Every year, all too many seafarers injure themselves or die by slipping, tripping, or falling while undertaking a routine task on board a ship. The sea is a dangerous place, and in the first nine months of this year, 79 seafarers serving on Republic of the Marshall Islands (RMI) flagged vessels suffered a serious injury, with seven ultimately fatal. Many of these incidents occurred while working aloft or over-the-side. One death or injury is one too many, and International Registries, Inc. (IRI) works closely with the RMI Maritime Administrator and shipowners to identify trends across the RMI fleet.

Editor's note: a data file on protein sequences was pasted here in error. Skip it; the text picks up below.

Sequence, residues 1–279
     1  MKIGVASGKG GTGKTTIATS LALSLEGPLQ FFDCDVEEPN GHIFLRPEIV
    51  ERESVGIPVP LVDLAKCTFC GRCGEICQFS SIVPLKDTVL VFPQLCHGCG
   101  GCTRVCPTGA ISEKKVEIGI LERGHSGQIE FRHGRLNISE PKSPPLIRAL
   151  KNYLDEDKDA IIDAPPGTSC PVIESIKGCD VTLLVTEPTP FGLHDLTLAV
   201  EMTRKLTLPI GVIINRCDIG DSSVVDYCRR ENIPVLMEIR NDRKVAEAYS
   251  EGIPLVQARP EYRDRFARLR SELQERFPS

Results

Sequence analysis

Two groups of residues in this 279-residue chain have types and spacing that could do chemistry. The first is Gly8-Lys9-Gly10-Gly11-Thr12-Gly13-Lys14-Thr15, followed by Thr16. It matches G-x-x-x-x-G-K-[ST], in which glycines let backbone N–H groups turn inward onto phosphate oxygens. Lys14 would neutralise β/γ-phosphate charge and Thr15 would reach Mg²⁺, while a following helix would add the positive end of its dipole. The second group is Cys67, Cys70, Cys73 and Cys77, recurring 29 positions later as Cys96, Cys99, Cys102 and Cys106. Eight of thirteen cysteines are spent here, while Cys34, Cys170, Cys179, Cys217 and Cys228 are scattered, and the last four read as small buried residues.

Presenting his findings to shipowners and other industry stakeholders attending the Marshall Islands Quality Council (MIQC) meeting in London this November, Rob Lorigan, Senior Vice President, Quality Assurance & Investigations, IRI Reston, said that many of these accidents were completely avoidable and all involved Safety Management System procedures not being followed.
“Simple tasks can be deadly and accidents can happen to anyone, regardless of rank or position,” said Rob Lorigan. “Complacency and failure to assess risks can be fatal. However, with increasing stress on crews and quick turnarounds expected, it is vital that all pause, stop, and think before undertaking a potentially risky action.”
The RMI Maritime Administrator continues to remind ship managers and senior officers to set an example, and to encourage all seafarers to be aware of potential risks and think about how to mitigate these risks, even when routine.